Suggestions from an Armor Master -Sir Dallas Vance Meana


Putting together a suit of armor can be quite an undertaking. In this essay I offer my opinions on what to consider when designing your harness. Try to pick a general motif and stick with it. This assures all of your pieces will look good together when you are done. Try to do the job right the first time. It is a lot of work to build armor, taking too many short cuts creates more work latter on, looks sloppy, and is unsafe. Put a little bit of elbow grease in it the first time, and your suit will give you years of protection with minimal maintenance.

1. Coverage.
Cover as much area as you can allowing for reasonable movement. Better to err on the side of safety. Protect yourself as much as you can. If it can happen in combat it will, protect yourself from as many strikes as possible. You should feel completely protected in your harness. Many fighters neglect shoulder armor. After nearly having my arm broken, I ask that they reconsider. Well designed shoulder armor does not hinder movement, and does a great deal to improve the appearance of your harness.

2. Leave room for padding.
You should feel completely protected in your armor. In our combat system, it is not uncommon for combat to go to the ground, make sure you can take a fall in your harness. I design my pieces to accommodate .5 to 1 inch of padding all of the way around. I don’t know how many times I’ve had to reconstruct pieces because I made them too small. I make my pattern (with padding accommodation) and them make it 10% larger. This seems to get me to about the right size.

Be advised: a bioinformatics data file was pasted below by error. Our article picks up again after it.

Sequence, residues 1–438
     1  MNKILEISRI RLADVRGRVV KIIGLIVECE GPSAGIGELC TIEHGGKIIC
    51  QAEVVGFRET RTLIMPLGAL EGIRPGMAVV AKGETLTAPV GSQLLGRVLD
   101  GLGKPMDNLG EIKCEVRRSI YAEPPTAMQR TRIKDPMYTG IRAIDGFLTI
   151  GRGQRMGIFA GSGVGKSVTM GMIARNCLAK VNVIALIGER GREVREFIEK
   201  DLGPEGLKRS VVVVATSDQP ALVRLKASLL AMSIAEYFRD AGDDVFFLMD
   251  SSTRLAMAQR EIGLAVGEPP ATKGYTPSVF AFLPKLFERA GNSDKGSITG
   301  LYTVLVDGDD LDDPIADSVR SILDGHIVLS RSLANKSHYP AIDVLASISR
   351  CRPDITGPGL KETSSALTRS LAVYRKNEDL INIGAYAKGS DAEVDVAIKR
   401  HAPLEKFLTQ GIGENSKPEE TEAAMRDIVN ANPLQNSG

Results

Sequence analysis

3. Edge treatment.
Any edges that may come in contact with the wearer should be treated. If a leather or padded gambason is worn underneath the plates, rounding may suffice. It is best if the edges are rolled or edged in leather. Edge rolling also greatly improves the strength of the plate (reference).

4. Spinal flute.
In the case of plate armor, a flute down the spine keeps metal away from the spinal column. The force of strikes directed at the spine is distributed to the sides.

5. Use Plates.
I do not wish to infringe on the stylistic freedom of the Knight in his armor choices, however safety is my duty as Armor Master. Plates distribute the force of an impact over a larger area, effectively reducing the force felt by the wearer (PSI). Additionally, plates can be used to redirect force away from sensitive areas, such as a spinal flute (see above). Plates can be made from a variety of materials. Metal, hardened leather, or even plastic on the inside. Although it may to some degree, chainmail is not designed to absorb impact and be defense against a crushing blow (reference). Adding a few strategic plates to a mail harness can greatly improve it’s force absorption qualities. In a leather harness consider hardening, riveting a double thickness of leather, or adding metal plates to areas that are more likely to receive crushing blows.

6. Shield Hand Protection.
Guards mounted to the inside of the shield to protect the hand gripping the shield. This hand is often without a gauntlet.

I hope you will find these tips useful.

Safe fighting,

Sir Dallas Vance Meana